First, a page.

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Tag Archives: Kathy Wong

Authenticating a Picasso Drawing

Pablo Picasso (Spanish, 1881-1973), Femme retenant son peignoir, c. 1923 (Lot 601, Estimate $30,000-$50,000)

Provenance research can be like looking for a needle in a haystack, where sometimes what you find is a strong thread. Such was the case with a Picasso drawing that will be sold on May 16, 2014 in the American & European Works of Art auction at Skinner in Boston.

George Leslie Stout, the Fogg Art Museum’s first conservation department head, articulated the best practices for art authentication as a “three-legged stool,” and his model is still generally accepted today.… Read More

AD 20/21 in Boston, Part II: From Graffiti Art to the One Shot Stool

As an art appraiser and appreciator, I’ve always enjoyed AD 20/21: Art & Design of the 20th & 21at Centuries. This year, the show has moved beyond just modern design and prints to feature more contemporary art than I’ve seen in the past. The show is open from March 15– 18, 2012 at the Boston Center for the Arts

Blooms for Books

Several months ago, Skinner art appraiser Kathy Wong agreed to arrange all of the flowers for a friend’s wedding. I know you’re wondering what this has to do with antiques and auctions, but just stay with me for a minute. The friend happens to be a Skinner colleague, so this past fall we have all enjoyed watching the process as Kathy brought in ideas to show to the bride-to-be: designs for table arrangements, bouquets, boutonnières, and more.

Bringing Forgotten History to Light: Cataloguing a Walter Launt Palmer Painting

One of the distinct joys of being a fine art appraiser and cataloguer is getting to physically handle a work and bring its forgotten history to light. When we are lucky, the owner provides documentation for provenance or context. More often than not, what we work with are anecdotes that we must verify or rule out independently. At the heart of cataloguing is looking at a work objectively and asking the fundamental question “What does that mean?” of any inscriptions or marks.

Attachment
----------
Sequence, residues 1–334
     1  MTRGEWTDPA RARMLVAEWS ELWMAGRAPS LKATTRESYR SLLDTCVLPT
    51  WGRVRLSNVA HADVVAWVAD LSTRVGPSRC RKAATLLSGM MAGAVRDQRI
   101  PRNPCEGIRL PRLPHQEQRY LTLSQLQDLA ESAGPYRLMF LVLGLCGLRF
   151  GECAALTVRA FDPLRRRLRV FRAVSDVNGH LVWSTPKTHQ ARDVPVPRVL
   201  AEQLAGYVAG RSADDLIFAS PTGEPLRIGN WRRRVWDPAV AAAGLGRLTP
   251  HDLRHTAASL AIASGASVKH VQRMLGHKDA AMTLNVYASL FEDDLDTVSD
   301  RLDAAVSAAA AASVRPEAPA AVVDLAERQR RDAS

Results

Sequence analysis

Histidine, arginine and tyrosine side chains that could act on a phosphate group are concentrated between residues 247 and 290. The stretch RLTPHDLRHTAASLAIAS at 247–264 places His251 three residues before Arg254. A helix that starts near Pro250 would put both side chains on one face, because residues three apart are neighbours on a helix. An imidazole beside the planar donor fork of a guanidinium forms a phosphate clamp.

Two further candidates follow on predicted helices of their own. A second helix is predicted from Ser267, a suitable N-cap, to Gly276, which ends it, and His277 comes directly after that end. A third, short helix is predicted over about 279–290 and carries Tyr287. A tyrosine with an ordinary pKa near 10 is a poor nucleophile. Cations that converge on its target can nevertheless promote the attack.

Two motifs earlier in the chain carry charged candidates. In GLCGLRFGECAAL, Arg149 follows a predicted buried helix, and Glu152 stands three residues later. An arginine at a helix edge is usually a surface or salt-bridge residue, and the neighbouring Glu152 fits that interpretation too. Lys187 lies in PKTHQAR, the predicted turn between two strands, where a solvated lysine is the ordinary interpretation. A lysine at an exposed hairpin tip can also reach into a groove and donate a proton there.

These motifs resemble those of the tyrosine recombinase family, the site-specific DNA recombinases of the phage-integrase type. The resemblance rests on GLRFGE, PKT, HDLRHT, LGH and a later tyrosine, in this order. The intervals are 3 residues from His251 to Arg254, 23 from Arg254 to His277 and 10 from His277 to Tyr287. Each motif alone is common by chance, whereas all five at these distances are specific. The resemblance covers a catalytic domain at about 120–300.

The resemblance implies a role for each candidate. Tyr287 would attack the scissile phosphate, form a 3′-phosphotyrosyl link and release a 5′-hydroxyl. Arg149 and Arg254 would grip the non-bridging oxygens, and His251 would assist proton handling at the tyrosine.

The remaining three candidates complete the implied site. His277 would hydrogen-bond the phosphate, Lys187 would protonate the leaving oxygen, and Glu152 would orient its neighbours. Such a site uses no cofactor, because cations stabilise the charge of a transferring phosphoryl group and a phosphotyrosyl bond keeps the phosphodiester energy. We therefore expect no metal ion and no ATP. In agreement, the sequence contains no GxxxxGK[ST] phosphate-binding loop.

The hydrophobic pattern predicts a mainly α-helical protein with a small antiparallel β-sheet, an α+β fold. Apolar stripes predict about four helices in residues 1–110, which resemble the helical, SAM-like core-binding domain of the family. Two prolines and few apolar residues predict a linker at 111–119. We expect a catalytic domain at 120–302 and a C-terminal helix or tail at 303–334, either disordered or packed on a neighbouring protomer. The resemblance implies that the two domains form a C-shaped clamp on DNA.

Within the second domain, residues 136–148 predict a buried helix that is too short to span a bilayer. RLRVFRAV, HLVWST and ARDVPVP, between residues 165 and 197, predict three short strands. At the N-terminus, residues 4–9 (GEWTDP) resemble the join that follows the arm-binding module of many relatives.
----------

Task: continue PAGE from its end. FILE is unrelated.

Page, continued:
Steel, Stones, and Smoke: Art Appraisers Tour Art Basel Miami Beach

Last week, I had the opportunity to travel to Florida for one of the year’s most spectacular art shows: Art Basel Miami Beach. I spent the first part of the trip with fellow art appraiser Kathy Wong, and then my husband and 7-year-old son joined me as traveling companions. In addition to spotting famous and emerging artists (Julian Schnabel, Orlan, the controversial Mr. Brainwash, and Marina Abramovic, to name a few), we snapped photos of many pieces of art that struck us as beautiful, original, shocking, or thought-provoking. You can view the full gallery on the American & European Works of Art Facebook page.

An Art Museum Fantasy Road Trip, Part I: A Journey through Spain

Winter has arrived in New England, and I’m dreaming of the warm, turquoise waters of the Spanish Costa Brava. I completely fell in love with Barcelona this summer, for its blending of art and architecture as well as high and low culture. Antoni Gaudi left his visionary mark on the city in the late 19th century, and Barcelona has continued to think big with its monumental sculpture, murals, and street art.

As much as I would love to re-explore Barcelona, I dream of exploring other parts of the country. If I could go anywhere in Spain right now, these would be my top five art destinations.

Fine Art and Creative Reuse: Robert Rauschenberg's Work

Robert Rauschenberg (American, 1925-2008), Tampa Clay Piece, 1972. Est. $1,800-2,200

Next time you come across an empty cardboard box, take a close look at it before you find a trash can– or better yet, a recycling bin. Does the box look like art?

It very well could be considered fine art, especially by someone like artist Robert Rauschenberg.

“Tampa Clay Piece” (1972) isn’t actually made out of cardboard. This work is a fired and silkscreened ceramic, but it derives from Robert Rauschenberg’s long-standing practice of creative reuse.… Read More